Biomarker-assisted diagnosis of ovarian, cervical and pulmonary small cell carcinomas: the role of TTF-1, WT-1 and HPV analysis

HISTOPATHOLOGY, Issue 3 2007
J W Carlson
Aims:, Small cell carcinoma of the ovary, hypercalcaemic-type (SCCOH) is morphologically similar to small cell carcinomas from other sites. The aims of this study were to (i) determine if a biomarker panel would distinguish small cell carcinomas of the ovary, cervix (SCCCx) and lung (SCCLu) and (ii) potentially determine the histogenesis of SCCOH. Methods and results:, Nine ovarian small cell carcinomas (seven hypercalcaemic type; two pulmonary type), eight SCCCx and 22 SCCLu were immunostained for thyroid transcription factor (TTF)-1, WT-1, p16, cKIT and OCT3/4; a subset of cases were tested for human papillomavirus (HPV). WT-1 was diffusely positive in 6/7 SSCOH versus two of 33 other small cell carcinomas (P , 0.001). TTF-1 was diffusely positive in 20/22 SCCLu and 1/8 SCCCx, and negative in all SCCOH. p16 and cKIT demonstrated variable patterns of immunoreactivity in all cases. HPV was identified in 5/6 SCCCx; SCCOH and SCCLu were negative for HPV. Conclusions:, Combined staining with WT-1 and TTF-1 will distinguish SCCOH from SCCLu and SCCCx with a sensitivity of 86% and specificity of 97%. HPV is specific for tumours of cervical origin, but p16 immunohistochemistry is not useful for this purpose. The presence of diffuse WT-1 supports a Müllerian origin for SCCOH, whereas the absence of cKIT and OCT3/4 argues against a germ cell origin. [source]


Comparison of proteomic biomarker panels in urine and serum for ovarian cancer diagnosis

PROTEOMICS - CLINICAL APPLICATIONS, Issue 3 2010
Anette Lykke Petri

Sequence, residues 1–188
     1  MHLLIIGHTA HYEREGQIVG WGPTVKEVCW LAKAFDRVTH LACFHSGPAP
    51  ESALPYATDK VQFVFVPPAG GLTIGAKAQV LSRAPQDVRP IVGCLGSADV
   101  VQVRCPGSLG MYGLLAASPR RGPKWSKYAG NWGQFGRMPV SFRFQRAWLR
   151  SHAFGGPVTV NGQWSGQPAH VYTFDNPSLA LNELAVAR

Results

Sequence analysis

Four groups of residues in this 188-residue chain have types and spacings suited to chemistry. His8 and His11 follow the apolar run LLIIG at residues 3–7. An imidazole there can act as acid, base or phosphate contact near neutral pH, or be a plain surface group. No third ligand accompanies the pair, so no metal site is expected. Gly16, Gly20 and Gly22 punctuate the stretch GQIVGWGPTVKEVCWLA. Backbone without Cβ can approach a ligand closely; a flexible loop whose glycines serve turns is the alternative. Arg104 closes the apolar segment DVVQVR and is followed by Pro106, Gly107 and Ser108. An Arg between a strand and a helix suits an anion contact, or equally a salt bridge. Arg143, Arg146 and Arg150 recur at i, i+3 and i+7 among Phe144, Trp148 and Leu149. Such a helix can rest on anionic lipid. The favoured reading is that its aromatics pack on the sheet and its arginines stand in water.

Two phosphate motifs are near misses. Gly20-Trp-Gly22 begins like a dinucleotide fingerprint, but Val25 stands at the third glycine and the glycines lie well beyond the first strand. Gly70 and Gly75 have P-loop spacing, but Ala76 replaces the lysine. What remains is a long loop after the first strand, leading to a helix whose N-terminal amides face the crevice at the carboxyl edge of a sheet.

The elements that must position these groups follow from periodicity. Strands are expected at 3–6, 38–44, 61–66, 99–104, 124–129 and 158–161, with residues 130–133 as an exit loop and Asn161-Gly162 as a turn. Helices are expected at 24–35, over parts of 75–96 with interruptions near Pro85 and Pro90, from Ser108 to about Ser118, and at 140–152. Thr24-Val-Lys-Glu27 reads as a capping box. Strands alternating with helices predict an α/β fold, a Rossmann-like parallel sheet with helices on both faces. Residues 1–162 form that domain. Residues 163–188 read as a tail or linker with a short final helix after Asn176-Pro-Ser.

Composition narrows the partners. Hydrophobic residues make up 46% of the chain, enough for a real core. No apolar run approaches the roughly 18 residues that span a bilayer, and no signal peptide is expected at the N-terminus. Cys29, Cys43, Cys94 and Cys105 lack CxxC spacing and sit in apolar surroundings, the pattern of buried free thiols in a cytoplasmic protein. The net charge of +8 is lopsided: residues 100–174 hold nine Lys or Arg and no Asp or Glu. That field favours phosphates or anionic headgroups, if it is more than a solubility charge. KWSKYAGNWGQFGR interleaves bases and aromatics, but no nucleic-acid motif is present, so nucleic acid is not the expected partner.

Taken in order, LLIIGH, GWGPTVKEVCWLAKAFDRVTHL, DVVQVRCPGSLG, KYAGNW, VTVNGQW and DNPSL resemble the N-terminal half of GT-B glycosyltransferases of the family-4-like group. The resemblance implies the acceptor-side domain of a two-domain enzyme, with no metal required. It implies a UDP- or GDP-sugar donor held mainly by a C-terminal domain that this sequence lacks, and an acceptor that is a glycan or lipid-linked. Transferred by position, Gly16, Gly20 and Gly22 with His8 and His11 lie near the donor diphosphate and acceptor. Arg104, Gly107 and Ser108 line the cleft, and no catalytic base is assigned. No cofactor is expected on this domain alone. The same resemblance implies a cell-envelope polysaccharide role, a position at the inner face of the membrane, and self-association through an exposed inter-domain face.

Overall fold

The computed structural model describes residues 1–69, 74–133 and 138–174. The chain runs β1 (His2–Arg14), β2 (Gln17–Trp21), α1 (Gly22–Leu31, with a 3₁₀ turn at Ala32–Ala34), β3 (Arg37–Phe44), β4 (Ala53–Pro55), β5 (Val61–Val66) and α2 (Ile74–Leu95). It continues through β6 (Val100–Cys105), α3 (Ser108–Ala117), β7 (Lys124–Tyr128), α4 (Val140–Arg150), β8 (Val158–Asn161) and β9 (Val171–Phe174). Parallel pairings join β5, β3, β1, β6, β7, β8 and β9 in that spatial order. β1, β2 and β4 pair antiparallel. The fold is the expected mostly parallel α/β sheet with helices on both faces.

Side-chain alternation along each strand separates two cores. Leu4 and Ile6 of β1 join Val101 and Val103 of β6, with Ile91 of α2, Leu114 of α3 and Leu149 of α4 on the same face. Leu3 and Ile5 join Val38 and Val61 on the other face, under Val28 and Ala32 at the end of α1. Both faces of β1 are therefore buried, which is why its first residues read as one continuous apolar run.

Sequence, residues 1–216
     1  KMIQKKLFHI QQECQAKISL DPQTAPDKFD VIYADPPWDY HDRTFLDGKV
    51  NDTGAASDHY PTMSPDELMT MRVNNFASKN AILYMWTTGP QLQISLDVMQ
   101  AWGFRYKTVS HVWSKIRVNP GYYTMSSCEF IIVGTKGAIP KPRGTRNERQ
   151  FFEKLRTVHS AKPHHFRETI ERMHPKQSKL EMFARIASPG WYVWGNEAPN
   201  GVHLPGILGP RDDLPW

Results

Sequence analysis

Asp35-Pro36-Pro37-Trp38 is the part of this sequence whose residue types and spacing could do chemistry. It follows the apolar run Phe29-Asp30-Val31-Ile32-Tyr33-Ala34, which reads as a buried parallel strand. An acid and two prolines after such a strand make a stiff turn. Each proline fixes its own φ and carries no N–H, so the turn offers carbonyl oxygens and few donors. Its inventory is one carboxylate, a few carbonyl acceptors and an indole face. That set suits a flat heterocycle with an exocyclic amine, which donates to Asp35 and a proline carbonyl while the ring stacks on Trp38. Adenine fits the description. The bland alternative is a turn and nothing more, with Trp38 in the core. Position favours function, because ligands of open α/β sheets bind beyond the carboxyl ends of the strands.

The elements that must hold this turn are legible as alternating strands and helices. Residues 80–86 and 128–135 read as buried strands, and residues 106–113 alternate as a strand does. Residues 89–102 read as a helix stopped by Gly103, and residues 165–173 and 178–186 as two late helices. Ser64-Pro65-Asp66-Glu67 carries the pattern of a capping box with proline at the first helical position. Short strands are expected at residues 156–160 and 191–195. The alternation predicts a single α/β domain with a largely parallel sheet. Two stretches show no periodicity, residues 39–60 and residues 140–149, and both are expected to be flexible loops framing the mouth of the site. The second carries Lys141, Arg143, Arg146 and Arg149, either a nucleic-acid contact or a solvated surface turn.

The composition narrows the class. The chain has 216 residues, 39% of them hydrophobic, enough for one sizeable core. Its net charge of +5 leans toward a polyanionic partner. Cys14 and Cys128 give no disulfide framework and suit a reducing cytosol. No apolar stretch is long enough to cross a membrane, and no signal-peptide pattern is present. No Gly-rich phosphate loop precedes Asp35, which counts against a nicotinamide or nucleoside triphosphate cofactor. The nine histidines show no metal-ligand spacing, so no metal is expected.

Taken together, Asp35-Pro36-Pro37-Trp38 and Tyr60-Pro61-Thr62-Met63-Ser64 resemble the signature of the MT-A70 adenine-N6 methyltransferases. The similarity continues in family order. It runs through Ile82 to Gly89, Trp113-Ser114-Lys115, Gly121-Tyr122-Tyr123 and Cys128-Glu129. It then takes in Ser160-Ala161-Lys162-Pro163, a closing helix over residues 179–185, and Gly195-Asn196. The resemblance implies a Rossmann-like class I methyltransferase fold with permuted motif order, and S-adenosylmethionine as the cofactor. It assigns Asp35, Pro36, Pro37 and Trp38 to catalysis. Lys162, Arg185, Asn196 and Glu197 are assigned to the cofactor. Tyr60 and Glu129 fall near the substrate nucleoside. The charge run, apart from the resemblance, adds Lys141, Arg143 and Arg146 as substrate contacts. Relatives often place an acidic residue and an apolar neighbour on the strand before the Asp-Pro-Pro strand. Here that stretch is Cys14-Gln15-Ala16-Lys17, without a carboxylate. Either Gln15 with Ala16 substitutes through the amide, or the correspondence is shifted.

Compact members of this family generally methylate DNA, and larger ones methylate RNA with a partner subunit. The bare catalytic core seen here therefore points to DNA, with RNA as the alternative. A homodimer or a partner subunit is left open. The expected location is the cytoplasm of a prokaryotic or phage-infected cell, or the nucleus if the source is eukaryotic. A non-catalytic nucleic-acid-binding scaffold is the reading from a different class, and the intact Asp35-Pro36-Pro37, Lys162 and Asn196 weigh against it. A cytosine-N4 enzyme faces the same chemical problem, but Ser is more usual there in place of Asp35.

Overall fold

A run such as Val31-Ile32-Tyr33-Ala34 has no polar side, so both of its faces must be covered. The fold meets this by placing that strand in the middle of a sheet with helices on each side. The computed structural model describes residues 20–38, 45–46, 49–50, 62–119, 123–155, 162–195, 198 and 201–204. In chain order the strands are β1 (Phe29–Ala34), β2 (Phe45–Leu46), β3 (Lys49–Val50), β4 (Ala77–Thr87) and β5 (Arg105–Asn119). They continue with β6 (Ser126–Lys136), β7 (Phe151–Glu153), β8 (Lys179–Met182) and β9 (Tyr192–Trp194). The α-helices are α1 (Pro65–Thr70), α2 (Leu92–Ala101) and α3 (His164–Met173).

Abstract Purpose: The purposes of this study were to confirm previously found candidate epithelial ovarian cancer biomarkers in urine and to compare a paired serum biomarker panel and a urine biomarker panel from the same study cohort with regard to the receiver operating characteristic curve (ROC) area under the ROC curve (AUC) values. Experimental design: Four significant urine biomarkers were confirmed among 130 pelvic mass patients in the present study. The four biomarkers form a potential urine biomarker panel. From the same study cohort, the potential urine biomarker panel was compared to a serum biomarker panel, consisting of seven proteins/peptides, OvaRI. Results: Multivariate analysis of the urine panel demonstrated a significant differentiation (p<0.0001) between epithelial ovarian cancer patients and patients with benign ovarian pelvic masses. The ROC AUC of the urine panel was 0.84 and the ROC AUC of OvaRI was 0.83. Combining the urine panel with OvaRI demonstrated a significant contribution from both, for urine peaks, OR=2.12 and for OvaRI, OR=1.39; the ROC AUC of this model was 0.88. Conclusions and clinical relevance: We demonstrated that both urine and serum can be used individually or in combination to potentially aid in ovarian cancer diagnostics. Urine proteomic profiling could provide biomarkers for the non-invasive test required in clinical practice. [source]